A call for help: University says more students reporting sexual assaults


A Call for Help

Ian Flickinger

Three months ago, Sarah* matched with a man on Tinder who stood out from all the rest. He seemed “special.” He took interest in her life, listened when she talked and cared about her family. As the two got to know each other, she told him she had been raped almost three years earlier, and she said he handled it well — better than previous men had. 

One month ago, the two met for the first time at her apartment. The two watched football — the Packers vs. the Seahawks — and she said both drank heavily. Sarah said he made sure she always had a drink in her hand. After kissing for a few minutes, he wanted to move further. Sarah said she told him she was uncomfortable with it, that what he was doing hurt, and asked him to stop. He ignored her pleas, and she was raped four times in total before the next morning. 

“He was one of the snakes,” Sarah said. “They seem good. They’re really not.” 

According to a 2015 survey done by the Association of American Universities, one in four women will be sexually assaulted while in college in the U.S. 

Statistics relay a clear message: Sexual violence is disturbingly commonplace and has permeated many campuses nationwide. Yet many students fail to recognize the severity of this issue, disregarding it as something that won’t ever happen to them. 

By the numbers

80 percent are under the age of 30. (RAINN)

68 percent are not reported to the police. (RAINN)

Approximately four in five sexual assaults are committed by someone known by the victim. (RAINN)

47 percent are committed by a friend or acquaintance. (RAINN)

Overall, three in four LGBT students reported experiencing sexual harassment. (The Atlantic)

13.7 percent of LGBT students report Experiencing Unwanted Sexual Contact. (The Atlantic)

Despite increased awareness, improved reporting procedures and more victims stepping forward, sexual violence is a definitive challenge — one that’s still not being openly discussed — for this generation of students.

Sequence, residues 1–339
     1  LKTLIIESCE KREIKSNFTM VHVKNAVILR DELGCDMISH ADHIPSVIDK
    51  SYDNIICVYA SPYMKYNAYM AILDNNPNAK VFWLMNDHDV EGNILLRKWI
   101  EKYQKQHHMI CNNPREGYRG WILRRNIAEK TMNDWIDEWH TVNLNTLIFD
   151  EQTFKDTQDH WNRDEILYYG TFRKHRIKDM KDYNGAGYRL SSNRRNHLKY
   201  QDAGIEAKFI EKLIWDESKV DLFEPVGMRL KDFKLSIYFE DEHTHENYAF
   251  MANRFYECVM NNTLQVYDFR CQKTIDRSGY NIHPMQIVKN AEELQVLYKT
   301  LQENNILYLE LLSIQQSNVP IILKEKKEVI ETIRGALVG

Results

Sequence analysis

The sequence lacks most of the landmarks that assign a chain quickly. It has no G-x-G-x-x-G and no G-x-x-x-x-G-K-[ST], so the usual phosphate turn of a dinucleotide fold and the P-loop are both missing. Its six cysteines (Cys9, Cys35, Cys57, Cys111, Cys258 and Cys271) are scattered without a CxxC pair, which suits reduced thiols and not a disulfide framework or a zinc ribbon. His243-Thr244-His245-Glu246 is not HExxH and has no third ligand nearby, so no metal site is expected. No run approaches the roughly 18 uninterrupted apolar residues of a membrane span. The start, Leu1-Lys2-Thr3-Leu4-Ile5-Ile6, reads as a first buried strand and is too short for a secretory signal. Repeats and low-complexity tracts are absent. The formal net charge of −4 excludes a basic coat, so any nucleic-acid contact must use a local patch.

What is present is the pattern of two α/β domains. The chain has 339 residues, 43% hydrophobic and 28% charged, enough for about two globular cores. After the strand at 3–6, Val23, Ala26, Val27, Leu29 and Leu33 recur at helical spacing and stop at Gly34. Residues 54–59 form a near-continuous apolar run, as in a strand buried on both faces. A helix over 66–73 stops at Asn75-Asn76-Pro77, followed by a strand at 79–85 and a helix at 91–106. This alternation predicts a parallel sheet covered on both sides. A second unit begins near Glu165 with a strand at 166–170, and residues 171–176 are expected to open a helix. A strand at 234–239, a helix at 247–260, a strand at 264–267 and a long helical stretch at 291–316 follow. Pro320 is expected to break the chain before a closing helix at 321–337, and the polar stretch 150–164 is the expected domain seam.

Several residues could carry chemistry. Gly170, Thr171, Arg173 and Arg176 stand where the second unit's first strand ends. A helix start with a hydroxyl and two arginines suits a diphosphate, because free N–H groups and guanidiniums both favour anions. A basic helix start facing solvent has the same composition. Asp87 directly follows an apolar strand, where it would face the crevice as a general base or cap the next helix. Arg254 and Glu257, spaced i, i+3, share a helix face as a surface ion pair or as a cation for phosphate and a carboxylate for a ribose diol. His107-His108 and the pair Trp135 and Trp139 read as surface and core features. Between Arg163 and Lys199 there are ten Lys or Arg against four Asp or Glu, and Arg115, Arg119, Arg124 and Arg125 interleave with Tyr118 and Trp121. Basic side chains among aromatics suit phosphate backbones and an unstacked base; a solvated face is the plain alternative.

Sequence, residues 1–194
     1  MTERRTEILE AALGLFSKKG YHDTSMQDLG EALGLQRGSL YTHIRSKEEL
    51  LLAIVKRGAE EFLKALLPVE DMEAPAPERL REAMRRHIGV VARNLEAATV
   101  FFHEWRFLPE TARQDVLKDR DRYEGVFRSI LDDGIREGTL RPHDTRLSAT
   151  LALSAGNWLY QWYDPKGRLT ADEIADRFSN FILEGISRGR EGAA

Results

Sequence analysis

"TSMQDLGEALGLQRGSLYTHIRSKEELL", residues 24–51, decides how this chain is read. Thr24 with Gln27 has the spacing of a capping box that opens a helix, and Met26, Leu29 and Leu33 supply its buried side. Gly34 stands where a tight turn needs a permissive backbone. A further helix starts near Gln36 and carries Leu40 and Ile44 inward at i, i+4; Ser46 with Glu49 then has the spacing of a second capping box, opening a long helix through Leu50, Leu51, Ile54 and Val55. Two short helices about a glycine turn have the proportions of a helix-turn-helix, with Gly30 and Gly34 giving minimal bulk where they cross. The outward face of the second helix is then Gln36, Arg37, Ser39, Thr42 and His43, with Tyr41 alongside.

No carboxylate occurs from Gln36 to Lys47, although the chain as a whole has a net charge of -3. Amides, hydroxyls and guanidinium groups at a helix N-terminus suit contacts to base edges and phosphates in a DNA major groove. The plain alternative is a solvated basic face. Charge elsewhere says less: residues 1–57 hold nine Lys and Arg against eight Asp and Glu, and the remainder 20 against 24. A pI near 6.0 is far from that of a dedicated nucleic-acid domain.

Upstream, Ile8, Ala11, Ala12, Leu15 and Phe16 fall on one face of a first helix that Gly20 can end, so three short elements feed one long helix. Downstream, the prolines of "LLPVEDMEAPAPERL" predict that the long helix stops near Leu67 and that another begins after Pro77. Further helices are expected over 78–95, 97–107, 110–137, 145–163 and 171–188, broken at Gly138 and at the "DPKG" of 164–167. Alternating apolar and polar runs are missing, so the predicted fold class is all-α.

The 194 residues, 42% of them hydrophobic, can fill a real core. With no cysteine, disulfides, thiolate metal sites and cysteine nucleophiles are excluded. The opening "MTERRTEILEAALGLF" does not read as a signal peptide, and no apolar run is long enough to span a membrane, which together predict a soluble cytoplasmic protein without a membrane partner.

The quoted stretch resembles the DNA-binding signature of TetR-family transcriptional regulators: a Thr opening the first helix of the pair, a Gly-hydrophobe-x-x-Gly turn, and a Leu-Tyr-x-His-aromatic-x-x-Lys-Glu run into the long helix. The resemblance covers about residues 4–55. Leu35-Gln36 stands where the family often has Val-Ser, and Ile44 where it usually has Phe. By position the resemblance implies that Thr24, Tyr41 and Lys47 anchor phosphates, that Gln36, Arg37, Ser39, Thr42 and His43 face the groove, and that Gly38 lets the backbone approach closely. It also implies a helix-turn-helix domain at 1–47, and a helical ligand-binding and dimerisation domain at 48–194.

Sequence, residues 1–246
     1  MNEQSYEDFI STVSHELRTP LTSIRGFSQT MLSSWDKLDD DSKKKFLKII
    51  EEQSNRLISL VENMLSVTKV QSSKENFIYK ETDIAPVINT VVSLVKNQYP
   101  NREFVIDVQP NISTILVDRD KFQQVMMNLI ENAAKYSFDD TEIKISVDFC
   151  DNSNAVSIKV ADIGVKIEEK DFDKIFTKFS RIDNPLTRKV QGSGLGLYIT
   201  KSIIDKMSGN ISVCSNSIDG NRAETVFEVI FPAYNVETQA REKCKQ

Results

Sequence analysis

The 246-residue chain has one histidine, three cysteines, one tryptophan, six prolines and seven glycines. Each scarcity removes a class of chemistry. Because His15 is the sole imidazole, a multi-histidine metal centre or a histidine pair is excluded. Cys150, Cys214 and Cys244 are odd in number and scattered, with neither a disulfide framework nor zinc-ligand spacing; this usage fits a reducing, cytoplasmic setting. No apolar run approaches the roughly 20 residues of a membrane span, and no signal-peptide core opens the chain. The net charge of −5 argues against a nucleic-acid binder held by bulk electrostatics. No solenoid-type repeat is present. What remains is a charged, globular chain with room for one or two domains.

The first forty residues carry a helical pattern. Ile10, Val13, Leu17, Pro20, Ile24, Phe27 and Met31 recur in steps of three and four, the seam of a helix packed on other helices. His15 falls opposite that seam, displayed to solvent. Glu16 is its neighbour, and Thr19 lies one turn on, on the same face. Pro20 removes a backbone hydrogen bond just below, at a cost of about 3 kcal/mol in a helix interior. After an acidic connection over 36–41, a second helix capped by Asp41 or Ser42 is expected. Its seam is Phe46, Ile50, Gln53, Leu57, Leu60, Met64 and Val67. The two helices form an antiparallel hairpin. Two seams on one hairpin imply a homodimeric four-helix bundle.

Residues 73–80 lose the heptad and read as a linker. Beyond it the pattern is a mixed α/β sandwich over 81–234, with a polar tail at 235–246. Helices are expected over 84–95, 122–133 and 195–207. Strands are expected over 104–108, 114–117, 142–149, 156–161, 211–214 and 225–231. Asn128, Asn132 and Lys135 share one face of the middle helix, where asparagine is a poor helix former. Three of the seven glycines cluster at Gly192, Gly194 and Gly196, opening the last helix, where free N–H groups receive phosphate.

Sarah, now a senior at Kent State, said she was also raped several times from the summer of her senior year in high school to the end of her first semester of college by her then-boyfriend, who is about five years older than her.

They engaged in consensual sex when she turned 18. One night, the summer before her freshman year, they were kissing when he began to initiate foreplay. Sarah told him to stop, sayng they had no protection and she was not on birth control.

He didn’t listen. He forced himself on top of her, continuing through her commands to stop. He was too strong for her to force off, so she said she gave up and laid there. 

After the attack, they met friends out for dinner to celebrate a birthday.

“I got it through my head that he loved me and that he maybe hadn’t heard me say anything,” Sarah said. “I honestly thought he loved me. He got me so messed up in the head. I thought he was the only person who cared, and if I left him, I would be on my own by myself, and how would I ever do that?”

Jennifer O’Connell, program coordinator for Kent State’s Sexual and Relationship Violence Support Services (SRVSS) said Sarah’s situation is the most frequent kind of case.

“What we know from a lot of research is when someone is assaulted, they’re typically assaulted by someone they know,” O’Connell said. “It’s not the stranger in the bushes.”